Three sets shine brightest in card history—1909-11 T206 (pinnacle of the tobacco era), 1933 Goudey (birth of gum cards) and 1952 Topps (postwar favorite). Because signature collecting was still in its infancy until master autograph artist Babe Ruth came along, very few T206s are signed at all, let alone signed from the 1910s period. By contrast, there’s an abundance of ‘52 Topps signed cards, including a dozen or so Mantles. But it’s the ‘33 Goudeys that hit the perfect sweet spot of rarity, popularity, star power and value, reigning supreme as the hobby’s most expensive signed-card set.
This mind-boggling collection was primarily purchased in one fell swoop back in the 1980s and has not seen the light of day since. Fresh to the hobby, it showcases not only 39 Hall of Fame names, not only the most obscure commons, but even the set’s previously unknown Holy Grail: Braves outfielder Earl Clark, who died in a car crash in January of 1938 at age 30. There are 156 different signed cards in all, which represent two-thirds of the 240-card set—far and away, the largest assembly ever offered publicly or privately. What’s more, the vast majority of the signatures are vintage examples obtained in person at Fenway Park and Braves Field in 1933 and 1934.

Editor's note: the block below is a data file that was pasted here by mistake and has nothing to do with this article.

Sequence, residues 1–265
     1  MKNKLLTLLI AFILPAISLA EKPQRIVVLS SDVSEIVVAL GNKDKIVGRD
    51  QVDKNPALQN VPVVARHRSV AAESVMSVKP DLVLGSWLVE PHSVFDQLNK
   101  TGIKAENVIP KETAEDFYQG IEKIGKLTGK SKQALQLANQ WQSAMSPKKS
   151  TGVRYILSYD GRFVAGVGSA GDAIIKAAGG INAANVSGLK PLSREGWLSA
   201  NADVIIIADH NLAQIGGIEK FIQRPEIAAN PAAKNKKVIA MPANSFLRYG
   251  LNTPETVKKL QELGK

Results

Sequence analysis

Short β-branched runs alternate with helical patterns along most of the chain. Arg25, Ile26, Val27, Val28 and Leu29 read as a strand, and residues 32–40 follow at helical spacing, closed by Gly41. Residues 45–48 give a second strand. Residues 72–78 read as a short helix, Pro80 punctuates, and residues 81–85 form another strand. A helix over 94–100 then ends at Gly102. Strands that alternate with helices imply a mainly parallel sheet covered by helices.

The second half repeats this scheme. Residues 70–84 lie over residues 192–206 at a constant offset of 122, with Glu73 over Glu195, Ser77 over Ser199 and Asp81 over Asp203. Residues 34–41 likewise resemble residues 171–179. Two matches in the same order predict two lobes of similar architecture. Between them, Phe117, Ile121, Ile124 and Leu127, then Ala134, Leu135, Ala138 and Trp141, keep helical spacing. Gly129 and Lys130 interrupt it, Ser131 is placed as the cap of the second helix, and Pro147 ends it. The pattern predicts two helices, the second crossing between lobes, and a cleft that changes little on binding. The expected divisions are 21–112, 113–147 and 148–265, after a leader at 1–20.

For the purposes of our catalog descriptions, we have listed the signature grade, signature medium, card grade and any additional notes (such as if the player died in the 1950s or earlier). The medium is abbreviated as follows: Pencil (P), Fountain Pen (F) and Ballpoint (BP). We anticipate record-breaking results and are proud to present this Goudey gold mine.
Notes: Deceased 1948. Fifth example ever offered at auction. Of the four Ruth cards in the '33 Goudey set, this yellow-background design is by far the most valuable among autograph collectors, with the finest example having sold for over $50,000 in 2013.